National Review Online conducted a quick survey of average Americans to guage the public's response to the news that Senator Dodd is running for president.

Who? 74%

Chris Dodd is alive? 9%

President of what? 6%

Aw, that's cute. 4%

Has he been hitting the bars with Teddy K. again? 2%

No, seriously? 2%

Sweet, Bush can run for a third term and beat that guy. 2%

Yes! Yes! Yes! He's the answer to America's problems! And, he's a great kisser. Less than 1%

Anyone need a new definition of hypocrisy? Try this one:
Phoenix Republican Congressman John Shadegg is criticizing House Speaker Nancy Pelosi and other Democrats for exempting American Samoa and its tuna canneries from the House of Representatives' recently passed minimum wage increase. Del Monte Foods Co. (NYSE:DLM) subsidiary Starkist Tuna employs three-fourths of the work force in American Samoa. Del Monte is based in San Francisco, Pelosi's home district.

The minimum wage is $3.62 per hour in American Samoa, and would remain so under the bill, Shadegg said. The House bill, which would raise the U.S. minimum wage from $5.15 per hour to $7.25 per hour, did include the Northern Marana Islands.

Shadegg said the Samoan/Starkist exemption is fishy.

Here is an article rightly titled: "The Berger Fiasco." This high level Clinton appointee stole and destroyed classified documents from the National Archives to ensure they wouldn't be reviewed by the 911 Commission and only received a fine and suspended sentence. Many in government service have had their careers destroyed for merely failing to properly safeguard classified material. I'm not a conspiracy theorist, but there is a lot more to this story than we are being told and a lot of unanswered questions. Why did he steal and destroy the documents? Did he merely destroy evidence of embarrassing inaction or something worse. he merely Why did he receive such leniency? Who authorized the leniency?

Iraq going forward

Wednesday night President Bush gave a detailed speech outlining what the current problems are in Iraq (sectarian violence) and what we need to do to improve the situation (clamp down). The most important message I got from his speech was the gloves are coming off and we are going to deal with Iraq's neighbors who have been actively working to ensure failure of the fledgling country. Lots of editorials and articles have been published since the speech and I'll cherry pick the ones which say something worth considering.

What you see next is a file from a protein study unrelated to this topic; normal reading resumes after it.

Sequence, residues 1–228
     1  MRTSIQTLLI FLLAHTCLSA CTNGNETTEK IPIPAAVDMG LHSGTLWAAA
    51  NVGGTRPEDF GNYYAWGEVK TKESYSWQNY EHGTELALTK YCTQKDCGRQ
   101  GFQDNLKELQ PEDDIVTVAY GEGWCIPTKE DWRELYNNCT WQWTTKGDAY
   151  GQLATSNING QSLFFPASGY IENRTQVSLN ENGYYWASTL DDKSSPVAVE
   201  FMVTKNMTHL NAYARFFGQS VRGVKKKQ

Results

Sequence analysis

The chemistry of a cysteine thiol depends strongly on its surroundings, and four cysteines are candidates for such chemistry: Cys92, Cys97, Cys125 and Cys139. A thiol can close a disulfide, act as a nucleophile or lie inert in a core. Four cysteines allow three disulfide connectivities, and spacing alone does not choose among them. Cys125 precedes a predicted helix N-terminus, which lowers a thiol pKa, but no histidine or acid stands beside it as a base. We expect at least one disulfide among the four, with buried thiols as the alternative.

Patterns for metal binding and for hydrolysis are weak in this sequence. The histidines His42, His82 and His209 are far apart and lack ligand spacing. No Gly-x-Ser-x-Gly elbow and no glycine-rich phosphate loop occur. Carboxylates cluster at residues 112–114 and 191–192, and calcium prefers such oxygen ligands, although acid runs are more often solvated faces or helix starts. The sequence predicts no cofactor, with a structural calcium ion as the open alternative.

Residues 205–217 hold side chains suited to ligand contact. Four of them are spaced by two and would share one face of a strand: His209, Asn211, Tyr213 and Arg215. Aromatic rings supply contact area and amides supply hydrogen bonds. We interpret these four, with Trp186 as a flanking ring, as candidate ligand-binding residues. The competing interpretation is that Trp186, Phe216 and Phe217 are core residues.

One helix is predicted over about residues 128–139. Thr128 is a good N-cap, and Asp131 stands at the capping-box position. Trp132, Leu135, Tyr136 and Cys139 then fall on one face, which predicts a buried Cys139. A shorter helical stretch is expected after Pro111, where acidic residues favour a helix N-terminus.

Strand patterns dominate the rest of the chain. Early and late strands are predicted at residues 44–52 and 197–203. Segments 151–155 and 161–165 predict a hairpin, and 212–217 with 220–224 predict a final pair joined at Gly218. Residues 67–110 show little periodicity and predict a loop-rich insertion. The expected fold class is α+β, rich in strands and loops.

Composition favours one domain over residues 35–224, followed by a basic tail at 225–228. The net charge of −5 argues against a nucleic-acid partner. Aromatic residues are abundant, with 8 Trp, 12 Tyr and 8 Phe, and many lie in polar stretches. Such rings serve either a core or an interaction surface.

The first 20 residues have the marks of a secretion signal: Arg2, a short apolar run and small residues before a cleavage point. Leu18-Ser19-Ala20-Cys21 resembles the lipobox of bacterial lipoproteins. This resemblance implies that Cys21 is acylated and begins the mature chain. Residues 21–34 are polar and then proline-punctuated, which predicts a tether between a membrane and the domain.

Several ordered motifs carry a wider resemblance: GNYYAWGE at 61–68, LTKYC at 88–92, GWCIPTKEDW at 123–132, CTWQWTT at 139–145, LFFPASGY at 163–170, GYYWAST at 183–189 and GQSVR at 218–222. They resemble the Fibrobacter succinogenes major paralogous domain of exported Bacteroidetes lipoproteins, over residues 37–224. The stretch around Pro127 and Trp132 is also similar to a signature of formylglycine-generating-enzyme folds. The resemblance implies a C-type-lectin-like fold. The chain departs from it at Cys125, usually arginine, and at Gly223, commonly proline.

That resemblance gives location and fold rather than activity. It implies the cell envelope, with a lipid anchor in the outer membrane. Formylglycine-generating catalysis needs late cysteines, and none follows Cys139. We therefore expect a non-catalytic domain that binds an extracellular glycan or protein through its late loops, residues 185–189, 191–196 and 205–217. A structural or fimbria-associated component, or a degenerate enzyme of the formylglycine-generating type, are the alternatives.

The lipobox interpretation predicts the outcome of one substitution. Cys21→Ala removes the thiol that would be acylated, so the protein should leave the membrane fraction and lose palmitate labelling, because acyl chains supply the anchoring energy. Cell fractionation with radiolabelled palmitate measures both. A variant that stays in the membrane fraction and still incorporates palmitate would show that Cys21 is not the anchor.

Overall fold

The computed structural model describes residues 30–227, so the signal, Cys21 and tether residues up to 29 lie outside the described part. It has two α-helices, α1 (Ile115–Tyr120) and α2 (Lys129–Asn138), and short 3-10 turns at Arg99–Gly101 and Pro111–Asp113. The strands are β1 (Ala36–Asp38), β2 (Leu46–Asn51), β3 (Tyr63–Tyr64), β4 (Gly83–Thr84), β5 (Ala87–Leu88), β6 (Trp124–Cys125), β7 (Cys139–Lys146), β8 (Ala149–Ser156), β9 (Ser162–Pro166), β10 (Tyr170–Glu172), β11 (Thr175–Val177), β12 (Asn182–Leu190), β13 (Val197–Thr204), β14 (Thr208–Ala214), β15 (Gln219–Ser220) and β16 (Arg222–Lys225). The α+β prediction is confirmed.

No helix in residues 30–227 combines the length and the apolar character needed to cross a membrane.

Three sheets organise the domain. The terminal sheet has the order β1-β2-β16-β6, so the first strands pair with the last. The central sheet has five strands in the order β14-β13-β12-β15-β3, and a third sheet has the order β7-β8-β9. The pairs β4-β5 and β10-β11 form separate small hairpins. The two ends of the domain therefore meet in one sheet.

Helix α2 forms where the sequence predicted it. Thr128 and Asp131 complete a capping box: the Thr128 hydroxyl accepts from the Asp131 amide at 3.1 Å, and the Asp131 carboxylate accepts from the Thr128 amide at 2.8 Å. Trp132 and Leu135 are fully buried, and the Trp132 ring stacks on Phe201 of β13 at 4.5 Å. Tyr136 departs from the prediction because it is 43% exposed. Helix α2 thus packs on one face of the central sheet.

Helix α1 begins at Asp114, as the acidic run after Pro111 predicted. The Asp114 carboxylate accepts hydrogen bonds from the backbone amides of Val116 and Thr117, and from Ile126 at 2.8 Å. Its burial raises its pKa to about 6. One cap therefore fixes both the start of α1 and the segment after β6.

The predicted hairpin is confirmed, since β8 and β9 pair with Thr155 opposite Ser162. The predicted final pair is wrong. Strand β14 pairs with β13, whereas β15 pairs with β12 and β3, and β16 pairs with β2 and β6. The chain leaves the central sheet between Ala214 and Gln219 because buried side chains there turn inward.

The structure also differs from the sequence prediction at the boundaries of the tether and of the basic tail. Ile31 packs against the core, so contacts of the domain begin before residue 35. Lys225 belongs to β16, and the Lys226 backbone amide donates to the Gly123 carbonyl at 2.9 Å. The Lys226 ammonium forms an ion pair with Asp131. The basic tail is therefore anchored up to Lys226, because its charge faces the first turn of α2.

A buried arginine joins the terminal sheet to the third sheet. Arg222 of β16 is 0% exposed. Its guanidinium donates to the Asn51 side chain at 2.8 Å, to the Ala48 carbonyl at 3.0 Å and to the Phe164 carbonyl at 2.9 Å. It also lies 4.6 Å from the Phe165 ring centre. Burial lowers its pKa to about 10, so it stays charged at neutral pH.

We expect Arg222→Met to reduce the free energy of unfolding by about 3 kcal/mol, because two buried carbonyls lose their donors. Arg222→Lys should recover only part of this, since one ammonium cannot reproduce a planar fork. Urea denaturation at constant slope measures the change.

Former senator Fred Thompson summed up the thoughts of a lot of us in the last sentence of this article:
And, contrary to the recommendations of the Iraq Study Group, instead of talking to Iran and Syria the president is taking them on too.

Iran is providing material support for attacks on American troops…we will disrupt the attacks on our forces, we will interrupt the flow of support from Iran and Syria. And we will seek out and destroy the networks providing advance weaponry and training to our enemies in Iraq.

I'll bet that a lot of folks who support the president on this are asking themselves "what if we'd taken care of business this way two years ago?"
It has been obvious to many of us that Syria and Iran have been funding and supplying the insurgents. I still believe that whatever WMD that existed Iraq were secreted to Syria between the last game of hide and seek with U.N. inspectors and the lead up to the war.

Within hours of the president's speech, coalition forces stormed a terrorist hangout now being called the Iranian consulate in northern Iraq. If this is really a war there is no diplomatic immunity in my book.